There are also many dispersed camping opportunities along forest roads near the trailhead ideal for those hiking Mount of the Holy Cross. Note that camping is not allowed at the trailhead. Learn more about dispersed camping near 14ers here.

Lodging near Mount of the Holy Cross:

There are many cabins available via Airbnb and other services in Minturn, and the surrounding area, ideal for those hiking Mount of the Holy Cross.

Mount of the Holy Cross sees a lot of traffic coming from Buena Vista and Leadville. Numbers are expected to rise dramatically in the next decade. Help protect the area while hiking Mount of the Holy Cross by following these key Leave No Trace practices:

  • Plan ahead, review the route and pick a weekday or day in September to hike.
  • Stay on the trail, and keep dogs leashed on and off-trail to reduce trampling of alpine grass.
  • Leave your Bluetooth speaker at home and let nature’s sound reign.
  • Urinate off-trail, and pack out your waste – a cathole won’t work at high altitude.
  • Give wildlife a wide berth – 100 meters if possible. If they approach, back up to keep space.
  • Take nothing but pictures, and leave nothing but footprints.

Safe travels, and good luck hiking Mount of the Holy Cross! Learn more about LNT on 14ers here.

Info coming soon.

Hiking Mount of the Holy Cross is an inherently high-risk activity – do so at your own risk, and use the following best practices to help keep yourself safe.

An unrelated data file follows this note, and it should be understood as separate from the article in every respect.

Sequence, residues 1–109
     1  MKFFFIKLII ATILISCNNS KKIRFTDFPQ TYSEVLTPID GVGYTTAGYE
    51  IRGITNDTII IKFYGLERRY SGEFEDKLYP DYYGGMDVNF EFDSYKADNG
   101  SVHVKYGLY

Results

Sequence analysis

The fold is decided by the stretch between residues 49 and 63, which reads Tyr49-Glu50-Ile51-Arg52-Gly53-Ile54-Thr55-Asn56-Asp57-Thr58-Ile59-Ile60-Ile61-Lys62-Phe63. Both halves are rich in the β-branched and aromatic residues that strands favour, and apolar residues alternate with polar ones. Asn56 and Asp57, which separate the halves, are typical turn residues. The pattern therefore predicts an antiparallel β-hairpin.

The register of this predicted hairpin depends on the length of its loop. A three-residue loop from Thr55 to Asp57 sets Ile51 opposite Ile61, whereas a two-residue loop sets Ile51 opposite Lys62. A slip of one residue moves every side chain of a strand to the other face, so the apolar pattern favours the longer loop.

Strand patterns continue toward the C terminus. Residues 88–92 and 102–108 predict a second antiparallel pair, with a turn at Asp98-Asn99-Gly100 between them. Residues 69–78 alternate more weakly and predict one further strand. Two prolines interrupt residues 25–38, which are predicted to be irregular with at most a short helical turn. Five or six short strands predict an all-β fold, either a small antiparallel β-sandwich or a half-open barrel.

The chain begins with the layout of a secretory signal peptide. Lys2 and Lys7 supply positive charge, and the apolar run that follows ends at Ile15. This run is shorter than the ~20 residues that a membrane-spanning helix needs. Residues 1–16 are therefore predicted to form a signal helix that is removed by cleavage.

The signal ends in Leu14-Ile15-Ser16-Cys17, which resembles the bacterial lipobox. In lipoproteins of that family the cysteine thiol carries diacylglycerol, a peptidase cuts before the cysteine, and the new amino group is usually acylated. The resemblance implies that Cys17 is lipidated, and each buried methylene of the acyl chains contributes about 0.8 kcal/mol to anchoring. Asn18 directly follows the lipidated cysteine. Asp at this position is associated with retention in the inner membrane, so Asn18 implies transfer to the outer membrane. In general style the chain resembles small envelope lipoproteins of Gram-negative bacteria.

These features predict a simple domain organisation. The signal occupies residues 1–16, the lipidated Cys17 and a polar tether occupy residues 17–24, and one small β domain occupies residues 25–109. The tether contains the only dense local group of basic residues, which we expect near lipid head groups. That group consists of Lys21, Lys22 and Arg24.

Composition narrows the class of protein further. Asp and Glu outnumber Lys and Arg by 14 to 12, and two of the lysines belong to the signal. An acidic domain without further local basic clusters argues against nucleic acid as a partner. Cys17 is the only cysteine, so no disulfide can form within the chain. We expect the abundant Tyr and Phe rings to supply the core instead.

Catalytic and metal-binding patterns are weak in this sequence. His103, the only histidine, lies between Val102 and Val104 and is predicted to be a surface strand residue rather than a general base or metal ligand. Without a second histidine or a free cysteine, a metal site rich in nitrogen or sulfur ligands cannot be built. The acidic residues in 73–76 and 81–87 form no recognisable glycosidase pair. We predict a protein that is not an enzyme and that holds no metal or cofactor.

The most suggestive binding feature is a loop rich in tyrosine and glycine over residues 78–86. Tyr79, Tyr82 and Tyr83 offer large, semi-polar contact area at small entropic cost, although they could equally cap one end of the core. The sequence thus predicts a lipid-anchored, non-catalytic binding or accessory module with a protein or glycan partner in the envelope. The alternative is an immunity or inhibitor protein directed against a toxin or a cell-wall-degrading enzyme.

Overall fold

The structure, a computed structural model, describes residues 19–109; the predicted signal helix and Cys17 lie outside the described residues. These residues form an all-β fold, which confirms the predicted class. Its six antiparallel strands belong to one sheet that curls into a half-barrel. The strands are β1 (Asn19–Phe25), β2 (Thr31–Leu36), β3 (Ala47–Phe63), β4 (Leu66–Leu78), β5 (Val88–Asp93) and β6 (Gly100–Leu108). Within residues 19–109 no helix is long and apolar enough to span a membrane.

1. Research your route and bring a compass & topographic map.
  2. Check the weather forecast and stay home during inclement weather.
  3. Bring the Ten Essentials and the knowledge/skill to use them.
  4. Leave your plans with someone back home along with a detailed itinerary.
  5. Start early, and end early: Be back at tree line by noon to avoid lightning.
  6. Bring a buddy on your first ascent, preferably someone experienced.

NEW TO 14ERS? CHECK OUT MY BEGINNERS GUIDE FOR A SAFE FIRST SUMMIT!

Hiking Mount of the Holy Cross is an inherently high-risk, dangerous activity. There is a significant risk of injury or death, even with proper planning and experience. Those using my guide accept all risks associated with climbing 14ers and do not hold this website or any information they obtain from it liable for any accidents or injuries that occur while engaging in these activities on Colorado’s high peaks. It is each hiker or climber’s responsibility to research their route carefully, bring the ten essentials, and practice other safe practices, though even these precautions do not eliminate risk and danger. Visit these summits at your own risk.

Alex Derr, Creator of The Next Summit

Alex is an Eagle Scout and mountaineer living in Denver, Colorado. He created The Next Summit to help others stay safe exploring the mountains and advocate to preserve the peaks for the future. You can subscribe to his Next Summit Newsletter here.